OK, you've taken your Symlin injection and you're counting carbs to calculate your mealtime insulin bolus. STOP. Do not take a normal bolus. Calculate the amount of insulin you need, then cut it in half, but do not inject or pump it in yet. If you are a pump user, you have far better options than those on MDI but both are workable, I suppose. Symlin typically results in a 50% average reduction in the amount of insulin you need to cover a meal (for me, it was a 70% reduction). It does not affect your basal rate. But due to the fact that it greatly slows digestion (this is a relative term- it slows your digestion down to what a non-diabetic would experience), taking your insulin before your meal will result in severe hypoglycemia that is horribly difficult to treat and then severe hyperglycemia a few hours later from the food and hypoglycemic rebound effect.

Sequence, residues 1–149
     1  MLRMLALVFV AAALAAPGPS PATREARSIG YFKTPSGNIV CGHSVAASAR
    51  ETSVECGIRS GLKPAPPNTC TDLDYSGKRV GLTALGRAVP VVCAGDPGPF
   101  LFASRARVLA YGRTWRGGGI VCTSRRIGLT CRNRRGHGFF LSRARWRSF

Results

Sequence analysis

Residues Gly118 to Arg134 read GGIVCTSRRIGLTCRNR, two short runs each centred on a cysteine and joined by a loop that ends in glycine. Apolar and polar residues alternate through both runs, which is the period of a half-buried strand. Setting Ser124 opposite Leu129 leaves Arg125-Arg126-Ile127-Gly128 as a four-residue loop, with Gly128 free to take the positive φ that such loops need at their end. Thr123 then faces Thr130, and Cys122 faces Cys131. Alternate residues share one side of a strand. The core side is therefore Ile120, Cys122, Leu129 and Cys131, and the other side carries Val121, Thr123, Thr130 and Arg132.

Your blood glucose probably will not move much for between 60-90 minutes, and then it will rise steadily but not at lightning speed or what you were used to seeing without Symlin. Thus, you have two options if you are using a pump. You can give your insulin as a pure 60-120 minute square-wave bolus (or dual-wave if you are hyperglycemic and need a correction bolus), or you can wait an hour and then give a normal bolus. Make sure you adjust your bolus to what you actually ate, because I guarantee that during your acclimation period you will not eat nearly as much as you think you might when you sit down (this is the advantage of waiting to bolus post-meal).

It is easy to lose track of time and forget to bolus- I have done so a few times with unfortunate and predictable consequences. Try both methods and see what works better for you, or create a hybrid of your own. I switch between the two methods depending on what I am eating, the time of day, what my present blood glucose is, what activity I have planned for after the meal, etc.. Some experimentation, careful experimentation, is necessary. You do have that glucagon kit, right?